This 66 page publication is designed to help communities address the water quality impacts of sprawl. Smart growth is emerging as a key strategy for clean water. Topics covered include profiles of smarth gowth for clean water innovation and the top 10 actions for advancing smart growth for clean water.
The purpose of this report is to present a synthesis of the USGS Chesapeake Bay science related to the Chesapeake Bay Program's 2001–06 goals and their implications for environmental management. The report provides USGS findings that address the science needs of the Chesapeake Bay Program's restoration goals and includes summaries of land-use change, water quality in the watershed (including nutrients, sediment, and contaminants), long-term changes in climate and estuarine water quality, estuary habitats (focusing on submerged aquatic vegetation (SAV) and tidal wetlands), and factors affecting fish and waterbird populations.
The Practical Negotiator covers the basic process and strategies of negotiation. It presents a three-stage model of negotiation in which participants diagnose their situation, attempt to negotiate a formula or common understanding of their conflict in terms that permit its resolution, and settle the details of the conflict by applying the formula. The book discusses the skills and personality traits needed by the practical negotiator, goes into detail about the stages of the negotiation process, and examines the various features which structure the negotiation process, including the relative power of the various participants, the size and complexity of the negotiation teams, public opinion, the uses of various channels of negotiation, and the degree of autonomy granted to negotiators.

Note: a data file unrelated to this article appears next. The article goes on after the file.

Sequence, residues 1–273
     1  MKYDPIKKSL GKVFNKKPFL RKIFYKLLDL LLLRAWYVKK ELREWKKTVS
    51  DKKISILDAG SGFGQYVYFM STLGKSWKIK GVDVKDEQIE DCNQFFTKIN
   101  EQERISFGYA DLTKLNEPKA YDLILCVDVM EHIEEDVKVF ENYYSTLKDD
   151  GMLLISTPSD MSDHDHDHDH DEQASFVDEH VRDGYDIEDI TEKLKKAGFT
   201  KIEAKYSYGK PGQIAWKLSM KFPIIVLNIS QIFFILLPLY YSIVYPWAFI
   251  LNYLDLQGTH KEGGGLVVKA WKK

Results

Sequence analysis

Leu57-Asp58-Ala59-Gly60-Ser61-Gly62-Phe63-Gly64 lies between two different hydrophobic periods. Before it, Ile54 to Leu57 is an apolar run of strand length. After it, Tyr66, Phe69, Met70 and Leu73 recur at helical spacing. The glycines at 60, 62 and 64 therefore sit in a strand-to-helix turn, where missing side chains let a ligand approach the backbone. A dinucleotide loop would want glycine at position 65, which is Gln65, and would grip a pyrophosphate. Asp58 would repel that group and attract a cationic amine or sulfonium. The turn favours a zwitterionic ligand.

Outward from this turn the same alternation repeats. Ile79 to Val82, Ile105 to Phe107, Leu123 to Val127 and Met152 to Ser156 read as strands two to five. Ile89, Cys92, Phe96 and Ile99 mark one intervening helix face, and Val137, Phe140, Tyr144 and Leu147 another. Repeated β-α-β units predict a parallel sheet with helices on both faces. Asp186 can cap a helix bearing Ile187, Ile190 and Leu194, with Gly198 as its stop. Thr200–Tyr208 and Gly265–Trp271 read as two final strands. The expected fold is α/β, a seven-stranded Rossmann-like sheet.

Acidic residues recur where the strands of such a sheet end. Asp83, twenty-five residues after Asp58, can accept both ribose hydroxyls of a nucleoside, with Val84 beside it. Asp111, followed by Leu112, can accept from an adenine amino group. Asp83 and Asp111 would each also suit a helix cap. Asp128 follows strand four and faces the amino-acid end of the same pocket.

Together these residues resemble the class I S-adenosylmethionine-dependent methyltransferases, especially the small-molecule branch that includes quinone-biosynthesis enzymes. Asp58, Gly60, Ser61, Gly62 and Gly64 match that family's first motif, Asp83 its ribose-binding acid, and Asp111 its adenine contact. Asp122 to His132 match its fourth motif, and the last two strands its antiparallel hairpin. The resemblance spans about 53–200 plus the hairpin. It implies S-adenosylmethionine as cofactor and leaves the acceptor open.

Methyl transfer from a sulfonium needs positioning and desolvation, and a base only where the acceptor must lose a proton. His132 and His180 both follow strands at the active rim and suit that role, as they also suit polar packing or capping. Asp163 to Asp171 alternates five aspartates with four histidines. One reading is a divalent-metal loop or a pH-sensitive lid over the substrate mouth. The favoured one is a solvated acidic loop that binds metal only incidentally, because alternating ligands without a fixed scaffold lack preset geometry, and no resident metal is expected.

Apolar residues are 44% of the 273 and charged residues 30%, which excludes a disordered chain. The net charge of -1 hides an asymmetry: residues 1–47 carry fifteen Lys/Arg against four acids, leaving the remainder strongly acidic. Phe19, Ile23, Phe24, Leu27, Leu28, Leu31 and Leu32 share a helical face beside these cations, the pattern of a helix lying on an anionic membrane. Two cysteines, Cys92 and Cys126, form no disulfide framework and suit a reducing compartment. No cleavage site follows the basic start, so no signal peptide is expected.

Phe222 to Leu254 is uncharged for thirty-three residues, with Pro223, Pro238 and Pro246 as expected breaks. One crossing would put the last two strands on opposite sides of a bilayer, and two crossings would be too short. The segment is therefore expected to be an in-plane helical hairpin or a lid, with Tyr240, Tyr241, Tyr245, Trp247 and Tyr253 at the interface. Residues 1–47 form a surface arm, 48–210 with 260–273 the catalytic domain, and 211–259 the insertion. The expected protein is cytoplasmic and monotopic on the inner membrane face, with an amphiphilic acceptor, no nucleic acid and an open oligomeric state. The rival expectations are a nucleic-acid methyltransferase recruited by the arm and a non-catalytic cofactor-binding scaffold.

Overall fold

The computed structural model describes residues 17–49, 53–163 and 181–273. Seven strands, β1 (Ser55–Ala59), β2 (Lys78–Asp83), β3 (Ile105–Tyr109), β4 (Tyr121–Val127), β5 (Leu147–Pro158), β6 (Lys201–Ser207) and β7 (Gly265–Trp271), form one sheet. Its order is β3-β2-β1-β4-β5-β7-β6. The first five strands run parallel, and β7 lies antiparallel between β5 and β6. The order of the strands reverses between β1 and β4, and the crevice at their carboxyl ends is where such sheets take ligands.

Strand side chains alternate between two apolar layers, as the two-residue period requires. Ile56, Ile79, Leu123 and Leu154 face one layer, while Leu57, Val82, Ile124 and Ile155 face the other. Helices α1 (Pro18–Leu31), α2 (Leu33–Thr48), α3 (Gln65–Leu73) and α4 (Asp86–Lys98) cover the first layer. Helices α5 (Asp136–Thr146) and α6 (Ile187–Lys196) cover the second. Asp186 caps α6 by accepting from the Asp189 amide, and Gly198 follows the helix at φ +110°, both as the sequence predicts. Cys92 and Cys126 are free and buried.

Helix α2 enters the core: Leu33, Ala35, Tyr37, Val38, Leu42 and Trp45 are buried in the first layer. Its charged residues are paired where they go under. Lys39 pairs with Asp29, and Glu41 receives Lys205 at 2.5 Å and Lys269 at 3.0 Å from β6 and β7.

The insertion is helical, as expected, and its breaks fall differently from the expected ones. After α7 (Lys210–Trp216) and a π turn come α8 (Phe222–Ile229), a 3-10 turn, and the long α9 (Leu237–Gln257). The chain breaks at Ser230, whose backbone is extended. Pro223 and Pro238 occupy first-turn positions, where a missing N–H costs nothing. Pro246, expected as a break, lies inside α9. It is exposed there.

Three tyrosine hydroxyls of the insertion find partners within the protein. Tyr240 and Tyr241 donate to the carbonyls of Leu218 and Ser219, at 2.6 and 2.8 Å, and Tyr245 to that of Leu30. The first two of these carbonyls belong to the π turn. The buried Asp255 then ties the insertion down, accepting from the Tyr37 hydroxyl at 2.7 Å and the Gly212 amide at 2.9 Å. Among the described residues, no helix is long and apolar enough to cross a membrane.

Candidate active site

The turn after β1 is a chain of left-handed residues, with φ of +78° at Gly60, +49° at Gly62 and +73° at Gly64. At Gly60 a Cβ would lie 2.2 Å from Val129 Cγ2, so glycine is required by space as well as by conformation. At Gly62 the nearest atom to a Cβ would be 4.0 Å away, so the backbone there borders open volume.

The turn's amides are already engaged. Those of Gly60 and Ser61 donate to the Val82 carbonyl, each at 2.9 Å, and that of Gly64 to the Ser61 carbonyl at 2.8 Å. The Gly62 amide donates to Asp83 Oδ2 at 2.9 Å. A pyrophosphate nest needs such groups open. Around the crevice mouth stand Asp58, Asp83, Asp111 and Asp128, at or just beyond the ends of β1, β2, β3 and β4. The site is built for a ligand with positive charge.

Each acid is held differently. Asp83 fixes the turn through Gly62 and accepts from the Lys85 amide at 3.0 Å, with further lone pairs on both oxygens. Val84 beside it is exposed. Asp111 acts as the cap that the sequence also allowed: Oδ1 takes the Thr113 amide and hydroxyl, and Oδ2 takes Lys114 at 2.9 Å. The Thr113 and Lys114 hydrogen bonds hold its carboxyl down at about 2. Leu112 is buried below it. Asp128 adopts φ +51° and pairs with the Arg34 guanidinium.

The Development Threat Assessment for SmartConservation, which analyzed the 5-county area surrounding Philadelphia, was compiled by the Delaware Valley Regional Planning Commission for the Natural Lands Trust between 2002 and 2003. The data used was already partially or completely available, allowing the completion of an analysis that would have otherwise been too costly and time-consuming. Five subcomponents of data were used: trend friction map, employment center travel time analysis, building activity, vulnerability index & sewer service areas.
The Virginia Vulnerability Model maps predicted growth in Virginia, which can indicate potential land use change to an urban or suburban use.
This web page gives an overview of the Virginia Vulnerability Model, which was developed in an effort to map predicted growth in Virginia. This model can be integrated with other datasets, such as the VCLNA Cultural Model or Ecological Model, to identify which cultural and ecological cores are most at risk to growth pressures. The model may be used to help guide local land use planners in the development of their comprehensive plans in an effort to control growth and subsequent development within their jurisdiction. It allows users to look at the landscape as a whole and assess how growth may impact the environment, what remaining farmland or timberland is available and how water quality will be affected before more development is introduced.